Quick, what do Ryan Zimmerman, Ross Detwiler, Stephen Strasburg, Drew Storen, and Bryce Harper have in common? If you have been following this franchise as closely as I have then you would know that they are five of the Nationals eleven first round picks made since the team moved to DC. Of the players that the Nationals have drafted and who aren't on the major league roster one is retired and another never signed. Chris Marrero, Anthony Rendon, Alex Meyer, and Lucas Giolito are all still in the minors with Marrero having made it to the majors last season and it being far too early for any of the latter three.
As far as drafting has gone the Nationals have done a good job. Having five players from a five year span of first rounds on the roster sounds like a high percentage, but it isn't the entire story. Since moving to DC the Nats have also drafted Danny Espinosa, Jordan Zimmermann, Craig Stammen, Steve Lombardozzi, and Tyler Moore. The Nationals also held onto Ian Desmond and Roger Bernadina who were in the Expos farm system when they made the move to DC. Of the players currently on the 25 man roster 12 of them are from the Nats farm system.
With today's 4-1 loss to the Phillies the Nationals have now lost four games in a row for just the third time this season. The last being between June 15-19 to the New York Yankees and Tampa Bay Rays. One of the benefits to having a great pitching staff is that it is very difficult to have long losing streaks. Only once this season have the Nationals made it all the way through the rotation without a win, and they have had no losing streaks longer than five games. It is remarkable if thought about and demonstrates greatly the difference between a winning team and a losing team.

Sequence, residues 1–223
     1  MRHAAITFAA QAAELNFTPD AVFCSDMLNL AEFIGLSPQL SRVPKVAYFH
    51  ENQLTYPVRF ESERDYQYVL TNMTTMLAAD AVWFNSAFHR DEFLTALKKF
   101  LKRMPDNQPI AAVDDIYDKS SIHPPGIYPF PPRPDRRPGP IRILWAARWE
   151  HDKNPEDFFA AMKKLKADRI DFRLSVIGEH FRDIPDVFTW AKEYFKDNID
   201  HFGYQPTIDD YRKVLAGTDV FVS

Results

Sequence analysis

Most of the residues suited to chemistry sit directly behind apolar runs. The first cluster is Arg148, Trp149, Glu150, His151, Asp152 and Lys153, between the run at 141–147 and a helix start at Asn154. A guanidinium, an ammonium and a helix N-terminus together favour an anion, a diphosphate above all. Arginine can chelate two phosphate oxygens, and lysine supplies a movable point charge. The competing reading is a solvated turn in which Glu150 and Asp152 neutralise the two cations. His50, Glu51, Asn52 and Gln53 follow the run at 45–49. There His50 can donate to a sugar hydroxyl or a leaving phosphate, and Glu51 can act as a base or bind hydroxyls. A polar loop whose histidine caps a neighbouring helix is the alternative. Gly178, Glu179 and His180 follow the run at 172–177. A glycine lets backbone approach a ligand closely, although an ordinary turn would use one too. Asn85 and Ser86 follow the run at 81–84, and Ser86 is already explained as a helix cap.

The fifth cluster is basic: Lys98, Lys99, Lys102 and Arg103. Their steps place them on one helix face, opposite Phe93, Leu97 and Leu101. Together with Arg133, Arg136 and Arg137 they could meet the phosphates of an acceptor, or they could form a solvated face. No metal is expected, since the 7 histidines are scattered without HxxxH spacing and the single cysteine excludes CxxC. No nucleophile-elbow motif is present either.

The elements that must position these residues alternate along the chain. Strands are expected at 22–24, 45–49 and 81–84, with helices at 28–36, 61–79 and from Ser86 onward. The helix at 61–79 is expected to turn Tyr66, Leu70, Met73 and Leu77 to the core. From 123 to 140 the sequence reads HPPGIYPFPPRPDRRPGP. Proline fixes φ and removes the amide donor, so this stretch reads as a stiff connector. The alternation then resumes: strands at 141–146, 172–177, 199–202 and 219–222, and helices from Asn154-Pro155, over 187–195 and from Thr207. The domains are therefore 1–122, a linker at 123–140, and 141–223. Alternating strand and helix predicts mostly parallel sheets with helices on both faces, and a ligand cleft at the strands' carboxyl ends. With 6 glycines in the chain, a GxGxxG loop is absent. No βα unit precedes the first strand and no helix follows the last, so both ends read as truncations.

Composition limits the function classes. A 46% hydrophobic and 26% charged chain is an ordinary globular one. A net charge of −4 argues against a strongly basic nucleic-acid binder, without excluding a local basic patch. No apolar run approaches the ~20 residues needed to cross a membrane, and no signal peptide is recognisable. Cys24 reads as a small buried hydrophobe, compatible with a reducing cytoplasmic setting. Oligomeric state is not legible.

Put things in perspective with this losing streak and until the Nationals lost to the Phillies on Friday night they hadn't lost back to back games in the month of August, and with their 15 victories in the month the Nationals have clinched their fifth straight winning month on the season. Before the losing streak started the Nats were playing .700 ball since the All-Star break. They are a good team, but they aren't that good, and in reality they were due for a losing streak. Teams don't stay as hot as the Nationals were for an entire half of a season.
In seasons past this was when it started to feel like a drag. It hadn't gotten to the point where baseball was close to ending and you knew you were going to miss it. Instead it was at a point where you were starting to forget what it felt like to be home on a Sunday afternoon, or what it was like to watch a movie at night. For almost five months baseball, and mostly bad Nationals baseball, had been your life. This season has been much different, but that doesn't mean it isn't time to start looking forward to the off-season and what the Nationals should do to remain a contending team.